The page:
Sergey Naumov, SDM '11, Co-Leads MIT's Career Fair

By Cody Romano

Sergey Naumov
Sergey Naumov, SDM '11, was one of just two graduate students chosen to lead MIT's 2011 Career Fair. Volunteering as the event's employer relations director, he arranged for 300 organizations—including McKinsey, Exxon Mobil, Pixar, and the CIA—to visit the MIT campus during a week in late September—all while fulfilling his responsibilities as a father and a full-time System Design and Management (SDM) Fellow.

To build relationships with employers, Naumov spent eight months emailing, calling, and meeting face to face with company representatives. At the same time, he contributed to the career fair's website and participated in weekly planning sessions with a team of other students.

"Sergey is a natural leader who's always smiling and has a way of making people feel comfortable," said SDM Director of Career Development Helen Trimble, who identified Naumov as a candidate for the leadership role.

In addition to co-leading the MIT Career Fair team, Naumov personally addressed some of the concerns expressed by students and employers. For company representatives who wanted to size up attendance, he compiled a report of demographics from past years. For students worried about vying for an employer's attention, Naumov designed an online networking system that allowed job-seekers to make an impression without waiting in line.

He also worked to meet the specific needs of SDM job-seekers, who face a different challenge than most undergraduate students: as experienced technical professionals, most are seeking mid- to upper-level positions, while employers at career fairs typically recruit for entry-level jobs. Aware of this dynamic, Naumov lobbied for SDM students to moderate company panels. This allowed 18 students to network one on one with executives from such industries as aerospace and business consulting.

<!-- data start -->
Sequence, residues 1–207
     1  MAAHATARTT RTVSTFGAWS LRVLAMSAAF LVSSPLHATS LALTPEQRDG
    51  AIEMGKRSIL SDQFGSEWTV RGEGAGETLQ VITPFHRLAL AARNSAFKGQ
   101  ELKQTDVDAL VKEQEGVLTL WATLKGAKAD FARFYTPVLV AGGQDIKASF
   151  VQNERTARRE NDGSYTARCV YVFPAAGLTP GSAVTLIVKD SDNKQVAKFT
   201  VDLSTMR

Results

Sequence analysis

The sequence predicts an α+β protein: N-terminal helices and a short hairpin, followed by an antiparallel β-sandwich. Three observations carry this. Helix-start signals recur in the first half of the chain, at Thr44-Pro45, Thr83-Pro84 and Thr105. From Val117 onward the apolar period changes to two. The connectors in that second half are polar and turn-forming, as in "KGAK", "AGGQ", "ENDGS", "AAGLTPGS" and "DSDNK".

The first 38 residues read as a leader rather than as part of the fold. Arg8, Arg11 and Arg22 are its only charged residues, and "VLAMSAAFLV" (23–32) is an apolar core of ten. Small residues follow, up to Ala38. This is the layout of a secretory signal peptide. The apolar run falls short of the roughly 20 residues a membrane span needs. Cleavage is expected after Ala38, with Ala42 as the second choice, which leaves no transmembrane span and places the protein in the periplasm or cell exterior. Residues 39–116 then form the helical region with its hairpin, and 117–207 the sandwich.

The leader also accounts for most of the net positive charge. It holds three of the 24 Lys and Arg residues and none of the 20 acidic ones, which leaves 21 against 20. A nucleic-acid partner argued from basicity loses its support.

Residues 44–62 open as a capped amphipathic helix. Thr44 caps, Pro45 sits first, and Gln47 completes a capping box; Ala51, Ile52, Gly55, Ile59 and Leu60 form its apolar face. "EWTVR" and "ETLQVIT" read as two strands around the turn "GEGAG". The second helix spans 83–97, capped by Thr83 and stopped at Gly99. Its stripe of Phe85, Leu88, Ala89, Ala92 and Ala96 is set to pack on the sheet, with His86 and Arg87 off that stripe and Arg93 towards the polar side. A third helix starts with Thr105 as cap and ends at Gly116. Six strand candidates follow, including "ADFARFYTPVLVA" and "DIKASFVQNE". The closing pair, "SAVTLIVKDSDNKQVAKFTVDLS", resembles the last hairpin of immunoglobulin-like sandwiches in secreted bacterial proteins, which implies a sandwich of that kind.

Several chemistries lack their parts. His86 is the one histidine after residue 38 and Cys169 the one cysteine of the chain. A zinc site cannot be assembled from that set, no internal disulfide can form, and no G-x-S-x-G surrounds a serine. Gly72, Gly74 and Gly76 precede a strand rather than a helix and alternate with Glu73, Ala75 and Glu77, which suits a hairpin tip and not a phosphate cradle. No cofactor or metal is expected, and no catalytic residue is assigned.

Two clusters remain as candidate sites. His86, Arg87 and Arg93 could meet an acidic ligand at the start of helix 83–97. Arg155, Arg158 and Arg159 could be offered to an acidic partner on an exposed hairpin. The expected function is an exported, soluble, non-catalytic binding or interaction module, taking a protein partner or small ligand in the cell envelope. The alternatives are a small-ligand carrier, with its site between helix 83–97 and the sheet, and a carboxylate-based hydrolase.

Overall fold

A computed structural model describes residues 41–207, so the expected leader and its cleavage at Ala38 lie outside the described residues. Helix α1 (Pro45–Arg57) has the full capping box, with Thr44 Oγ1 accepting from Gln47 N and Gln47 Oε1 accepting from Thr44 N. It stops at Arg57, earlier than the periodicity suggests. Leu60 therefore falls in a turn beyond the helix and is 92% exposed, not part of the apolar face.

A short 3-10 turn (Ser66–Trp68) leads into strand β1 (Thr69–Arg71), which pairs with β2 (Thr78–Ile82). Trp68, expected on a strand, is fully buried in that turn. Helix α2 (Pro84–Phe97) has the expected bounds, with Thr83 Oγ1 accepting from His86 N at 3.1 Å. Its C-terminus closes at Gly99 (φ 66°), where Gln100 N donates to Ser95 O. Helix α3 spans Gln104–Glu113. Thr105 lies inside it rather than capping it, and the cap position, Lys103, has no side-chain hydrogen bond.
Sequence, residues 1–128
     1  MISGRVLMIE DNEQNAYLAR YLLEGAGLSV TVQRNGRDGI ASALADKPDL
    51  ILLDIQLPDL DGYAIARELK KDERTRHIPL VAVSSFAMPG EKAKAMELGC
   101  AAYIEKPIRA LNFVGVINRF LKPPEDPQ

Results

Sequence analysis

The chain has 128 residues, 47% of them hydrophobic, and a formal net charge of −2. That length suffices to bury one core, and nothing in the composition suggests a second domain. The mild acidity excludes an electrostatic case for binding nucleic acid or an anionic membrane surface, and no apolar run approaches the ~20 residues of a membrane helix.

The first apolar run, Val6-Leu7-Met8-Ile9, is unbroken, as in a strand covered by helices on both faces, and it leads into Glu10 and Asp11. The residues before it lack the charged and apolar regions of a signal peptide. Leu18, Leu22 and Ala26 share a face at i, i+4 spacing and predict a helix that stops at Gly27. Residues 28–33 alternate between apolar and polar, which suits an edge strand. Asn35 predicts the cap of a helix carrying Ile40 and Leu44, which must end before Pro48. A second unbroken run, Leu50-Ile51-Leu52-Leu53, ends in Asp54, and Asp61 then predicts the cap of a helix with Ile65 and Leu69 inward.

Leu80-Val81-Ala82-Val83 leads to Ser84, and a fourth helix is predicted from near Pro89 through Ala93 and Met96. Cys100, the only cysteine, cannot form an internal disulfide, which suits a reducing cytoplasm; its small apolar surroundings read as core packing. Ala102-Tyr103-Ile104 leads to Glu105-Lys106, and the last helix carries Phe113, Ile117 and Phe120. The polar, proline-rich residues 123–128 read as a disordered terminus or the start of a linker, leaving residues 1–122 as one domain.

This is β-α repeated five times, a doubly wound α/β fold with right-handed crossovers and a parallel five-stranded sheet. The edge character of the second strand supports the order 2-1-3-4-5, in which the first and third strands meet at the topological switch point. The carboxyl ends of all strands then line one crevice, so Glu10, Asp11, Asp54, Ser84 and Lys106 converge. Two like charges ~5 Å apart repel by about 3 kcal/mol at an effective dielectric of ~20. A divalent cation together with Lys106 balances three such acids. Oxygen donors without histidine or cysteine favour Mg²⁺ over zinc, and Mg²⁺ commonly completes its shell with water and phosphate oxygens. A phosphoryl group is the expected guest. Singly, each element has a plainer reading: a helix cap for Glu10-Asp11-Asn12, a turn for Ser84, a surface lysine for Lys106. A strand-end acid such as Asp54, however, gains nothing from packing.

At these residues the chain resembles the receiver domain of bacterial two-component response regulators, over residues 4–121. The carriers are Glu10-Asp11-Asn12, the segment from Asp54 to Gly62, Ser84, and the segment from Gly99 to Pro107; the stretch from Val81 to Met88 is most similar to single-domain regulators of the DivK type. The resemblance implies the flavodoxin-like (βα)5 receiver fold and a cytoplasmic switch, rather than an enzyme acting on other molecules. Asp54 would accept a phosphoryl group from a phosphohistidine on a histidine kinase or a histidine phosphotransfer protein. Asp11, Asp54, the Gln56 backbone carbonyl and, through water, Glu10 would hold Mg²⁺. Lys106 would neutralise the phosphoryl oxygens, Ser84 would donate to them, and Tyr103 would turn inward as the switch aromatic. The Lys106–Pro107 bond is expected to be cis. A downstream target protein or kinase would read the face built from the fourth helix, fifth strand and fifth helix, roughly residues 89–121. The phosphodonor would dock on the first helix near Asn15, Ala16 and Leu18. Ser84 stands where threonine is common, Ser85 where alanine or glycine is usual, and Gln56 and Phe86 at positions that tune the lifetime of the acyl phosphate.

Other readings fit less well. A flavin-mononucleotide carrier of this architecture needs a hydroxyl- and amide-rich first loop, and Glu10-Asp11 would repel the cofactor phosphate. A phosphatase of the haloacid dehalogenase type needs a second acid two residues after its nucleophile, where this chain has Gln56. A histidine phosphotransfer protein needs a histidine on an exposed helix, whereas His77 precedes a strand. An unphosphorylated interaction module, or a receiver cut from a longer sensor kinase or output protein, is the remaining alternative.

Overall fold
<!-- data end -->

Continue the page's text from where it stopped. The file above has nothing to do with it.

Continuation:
Naumov attributes the success of the career fair to effective teamwork and systems thinking. By collaborating regularly with others in his cohort via Skype and social media, he enhanced his leadership and communication skills and used them to build important relationships for MIT and SDM. Meanwhile, the holistic mindset that Naumov developed in classes like Systems Architecture allowed him to prioritize tasks more easily and strategically.

Although these lessons benefited Naumov, his duties as a full-time student, a researcher, and a dad made managing the project an even greater challenge. In addition to taking 14 courses since the spring, Naumov has worked as a research assistant for MIT's Chrysler Leaders for Manufacturing Professor Charles Fine, focusing on technological competition and developing computer models.

Originally from Moscow, Naumov and his daughter moved to Lexington, MA, several years ago. Before joining SDM, he was head of information technology for Akku-Vertrieb Ltd., a Russia-based battery manufacturer. After he graduates, he plans to work as an information technology project manager for a firm such as Google or Microsoft, where he will apply lessons learned from SDM and from planning the MIT Career Fair.

"My experience planning this event reinforced the necessity of carefully managing large projects and the importance of what I learned in SDM about project management, leadership, and teamwork," explained Naumov. "If the time is short and the project is really large, the success of your team depends on strong knowledge in all of these areas."